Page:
As with other medications, antiretroviral drugs can cause side effects in some people. However, modern drugs tend to produce fewer and less severe side effects than older drugs.
Possible side effects of antiretroviral drugs include:
Some side effects may last for a few days or weeks after the person starts treatment. Others may start later or last longer.
If a person experiences severe side effects that make them consider stopping treatment, they can talk to their healthcare provider. Stopping treatment or skipping doses can lead to drug resistance and limit a persons treatment options.
Some people can reduce some side effects by taking the medication 2 hours before going to bed. Other people may prefer to take it in the morning to prevent sleep disturbances.
Certain HIV drugs may also lead to less obvious changes, such as:
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How Is Hiv Affecting Your Way Of Thinking
You may have tried to attend HIV counselling by now, and youve already had a few check-ups with your doctor or clinic team. Talking about HIV should be easier and come more naturally, particularly when speaking with your medical practitioner.
But, theres one presiding thought thats taken hold: how does my HIV status affect my future?
Effects On The Immune System
HIV primarily affects the body by targeting and damaging cells in the immune system. The immune system protects the body against viruses, bacteria, and fungi.
After attaching itself to a type of white blood cell called a CD4 T cell, the virus merges with it. These T cells are an important part of the immune system.
Once inside the CD4 T cell, the virus multiplies. It damages or destroys the cell, then moves on and targets other cells.
A persons CD4 T-cell count is an indication of the health of their immune system.
A healthy CD4 T-cell count is 5001,600 cells/mm3 of blood. If a person does not receive treatment for HIV, their CD4 T-cell count drops over time.
When it drops below 200 cells/mm3, the persons immune system is significantly impaired, making them more susceptible to opportunistic infections.
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What Brings You Joy In Life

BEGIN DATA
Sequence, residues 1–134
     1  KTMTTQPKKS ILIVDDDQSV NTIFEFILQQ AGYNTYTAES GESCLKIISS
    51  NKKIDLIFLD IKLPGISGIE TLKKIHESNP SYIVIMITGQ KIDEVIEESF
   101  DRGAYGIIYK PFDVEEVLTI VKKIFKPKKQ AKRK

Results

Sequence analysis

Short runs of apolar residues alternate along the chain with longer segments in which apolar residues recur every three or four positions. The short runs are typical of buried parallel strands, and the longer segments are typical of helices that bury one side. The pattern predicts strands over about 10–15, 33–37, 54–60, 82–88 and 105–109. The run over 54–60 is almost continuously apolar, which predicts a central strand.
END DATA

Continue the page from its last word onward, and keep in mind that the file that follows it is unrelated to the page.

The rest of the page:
Person living with HIV: Understanding each other, being treated equally, steady life with all you need around you. And to be able to do whatever you want to do!Spouse: Having a happy family , being happy and healthy, having a career that that I feel interested and stable income and having good friends I can share my life with!
Newly Diagnosed With Hiv
What does an HIV diagnosis mean?
- If you receive an HIV diagnosis, it means that you have HIV.
- Unlike some other viruses, the human body cant get rid of HIV completely. Once you have HIV, you have it for life.
- But with proper medical care, HIV can be controlled. People with HIV who get effective HIV treatment can live long, healthy lives and protect their partners.
What should I do if I just got diagnosed with HIV?
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Hiv Effects On The Eyes
Some eye problems are mild, but others can be severe enough to cause blindness. Some of the most common are infections that can lead to bleeding in your retina and retinal detachment. About 7 in 10 people with untreated AIDS will have AIDS-related trouble with their eyes, usually because of cytomegalovirus.
You may not have any symptoms until the problems are far along, so if you have advanced HIV, it’s important to get regular eye exams. Call your doctor if your vision changes, including if:
- You get blurry or double vision.
- Colors don’t look right.
How To Plan Your Future When Youre Living With Hiv: